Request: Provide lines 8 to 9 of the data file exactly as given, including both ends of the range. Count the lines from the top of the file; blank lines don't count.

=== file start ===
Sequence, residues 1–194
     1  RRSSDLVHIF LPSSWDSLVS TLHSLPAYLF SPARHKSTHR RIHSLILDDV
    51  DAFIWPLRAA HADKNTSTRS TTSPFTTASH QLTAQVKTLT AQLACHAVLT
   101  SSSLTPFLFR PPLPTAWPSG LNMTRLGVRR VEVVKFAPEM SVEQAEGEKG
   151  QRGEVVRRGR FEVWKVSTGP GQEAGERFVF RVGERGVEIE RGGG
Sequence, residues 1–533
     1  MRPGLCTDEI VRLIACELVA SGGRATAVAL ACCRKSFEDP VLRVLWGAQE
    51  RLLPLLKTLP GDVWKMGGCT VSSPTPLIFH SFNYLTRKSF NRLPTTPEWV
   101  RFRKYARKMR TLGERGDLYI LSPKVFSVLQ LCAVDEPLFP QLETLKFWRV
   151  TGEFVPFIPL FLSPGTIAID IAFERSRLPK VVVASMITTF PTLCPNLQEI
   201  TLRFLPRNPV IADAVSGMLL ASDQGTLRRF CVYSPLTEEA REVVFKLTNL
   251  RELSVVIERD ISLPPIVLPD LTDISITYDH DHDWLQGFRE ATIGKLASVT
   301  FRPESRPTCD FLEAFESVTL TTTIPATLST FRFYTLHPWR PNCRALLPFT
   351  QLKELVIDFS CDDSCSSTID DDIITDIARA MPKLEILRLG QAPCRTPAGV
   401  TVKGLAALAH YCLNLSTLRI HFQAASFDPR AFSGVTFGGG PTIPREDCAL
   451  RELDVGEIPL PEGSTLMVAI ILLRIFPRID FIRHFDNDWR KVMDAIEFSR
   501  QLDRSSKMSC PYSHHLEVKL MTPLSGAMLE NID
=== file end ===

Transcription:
    51  RLLPLLKTLP GDVWKMGGCT VSSPTPLIFH SFNYLTRKSF NRLPTTPEWV
   101  RFRKYARKMR TLGERGDLYI LSPKVFSVLQ LCAVDEPLFP QLETLKFWRV